USA TODAY US Edition
Amazon primed for second Prime Day
Retailer says five days of deals will precede annual Christmas in July sale
Shoppers, get ready to click: Amazon’s second annual Prime Day sale will launch at midnight Seattle time on July 12.
The Seattle online retailer created the shopping holiday for its Prime customers last year as something like Christmas in July. It succeeded beyond Amazon’s wildest dreams.
In 2015, Prime Day customers ordered 34.4 million items worldwide, breaking its Black Friday records. The event launched July 15 and marked the online retailer’s 20th anniversary. And it’s open only to Prime members.
At the time, Prime Day drew some negative comments with its wide and seemingly random offering of deals, causing critics to say merchants were using it to clear out unsold inventory.
Amazon sees it as more an eclectic, something-for-everyone sales event, Amazon Prime vice president Greg Greeley says.
“A certain deal that might seem weird to one customer might seem wonderful to another. That’s part of the fun of Prime Day — discovering these unique items,” he said.
This year’s Prime Day will feature a run-up of five days of pre-Prime Day sales, each day offering a few deals to get customers primed (so to speak).
Amazon says it will launch new deals as often as every five minutes over the 24 hours of the sale.
It will be available to new and existing members in the USA, the United Kingdom, Spain, Japan, Italy, Germany, France, Canada, Belgium and Austria.
Walmart President and CEO Fernando Madeira announced in a blog post Wednesday the company will offer a free 30-day trial for Shipping Pass, its competition with Prime. Shipping-Pass costs $49 a year and offers Walmart customers free, unlimited two-day shipping. Walmart customers who already have Shipping Pass will get an extra month free.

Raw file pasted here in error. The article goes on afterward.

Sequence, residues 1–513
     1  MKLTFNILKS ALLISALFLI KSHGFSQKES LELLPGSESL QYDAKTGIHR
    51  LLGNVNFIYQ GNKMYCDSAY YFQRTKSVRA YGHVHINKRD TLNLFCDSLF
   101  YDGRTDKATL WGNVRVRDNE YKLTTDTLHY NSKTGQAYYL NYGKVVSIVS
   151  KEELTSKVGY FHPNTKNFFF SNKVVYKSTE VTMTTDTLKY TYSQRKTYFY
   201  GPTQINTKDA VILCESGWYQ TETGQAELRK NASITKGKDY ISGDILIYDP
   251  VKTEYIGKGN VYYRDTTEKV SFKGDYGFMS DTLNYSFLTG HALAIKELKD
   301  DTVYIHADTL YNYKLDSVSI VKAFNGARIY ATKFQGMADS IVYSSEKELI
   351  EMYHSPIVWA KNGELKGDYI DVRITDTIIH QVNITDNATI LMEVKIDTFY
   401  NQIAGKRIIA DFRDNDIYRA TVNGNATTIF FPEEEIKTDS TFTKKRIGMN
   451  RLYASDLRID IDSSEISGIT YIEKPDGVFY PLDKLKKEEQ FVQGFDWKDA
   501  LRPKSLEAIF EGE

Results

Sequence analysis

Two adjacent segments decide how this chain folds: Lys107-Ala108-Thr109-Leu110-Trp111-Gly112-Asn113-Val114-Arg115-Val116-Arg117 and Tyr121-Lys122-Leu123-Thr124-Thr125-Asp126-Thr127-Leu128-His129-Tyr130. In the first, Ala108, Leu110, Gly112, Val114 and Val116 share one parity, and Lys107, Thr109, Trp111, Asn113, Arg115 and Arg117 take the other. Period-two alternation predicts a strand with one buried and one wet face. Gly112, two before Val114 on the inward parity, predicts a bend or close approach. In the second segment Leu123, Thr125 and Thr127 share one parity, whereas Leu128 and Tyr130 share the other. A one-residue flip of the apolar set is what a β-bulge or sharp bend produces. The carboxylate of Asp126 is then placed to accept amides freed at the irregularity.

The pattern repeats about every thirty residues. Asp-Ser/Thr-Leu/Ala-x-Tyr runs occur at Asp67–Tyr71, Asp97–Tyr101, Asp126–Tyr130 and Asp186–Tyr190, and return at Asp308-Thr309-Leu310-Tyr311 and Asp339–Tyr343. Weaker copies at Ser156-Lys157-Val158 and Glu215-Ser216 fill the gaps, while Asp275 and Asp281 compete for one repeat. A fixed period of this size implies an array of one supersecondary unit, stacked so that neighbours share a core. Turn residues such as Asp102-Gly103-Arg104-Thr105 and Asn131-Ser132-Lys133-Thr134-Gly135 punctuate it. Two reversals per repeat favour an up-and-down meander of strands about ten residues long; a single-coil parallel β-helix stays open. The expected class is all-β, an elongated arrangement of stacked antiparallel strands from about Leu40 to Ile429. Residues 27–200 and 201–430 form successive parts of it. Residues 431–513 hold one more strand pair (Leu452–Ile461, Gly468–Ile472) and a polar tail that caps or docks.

Walmart said it will begin offering deals July 1. In a dig at Amazon’s one-day sale, Madeira noted Walmart’s sales “typically last 90 days or longer while supplies last” and that its shipping program is about “half the price of similar programs out there.”
Prime members are important to Amazon’s bottom line because they ’re highly lucrative. They spend, on average, about $1,100 per year, compared to about $600 per year for nonmembers, Consumer Intelligence Research Partners says.
CEO Jeff Bezos said in the company’s annual letter this year that he wants to make it indispensable.
“We want Prime to be such a good value, you’d be irresponsible not to be a member,” Bezos wrote.
While Amazon doesn’t release figures on Prime memberships, CIRP estimates that about one in five adult Americans had an Amazon Prime membership at the end of 2015, translating to about 54 million Prime members in the USA.
“We want Prime to be such a good value, you’d be irresponsible not to be a member.” Amazon CEO Jeff Bezos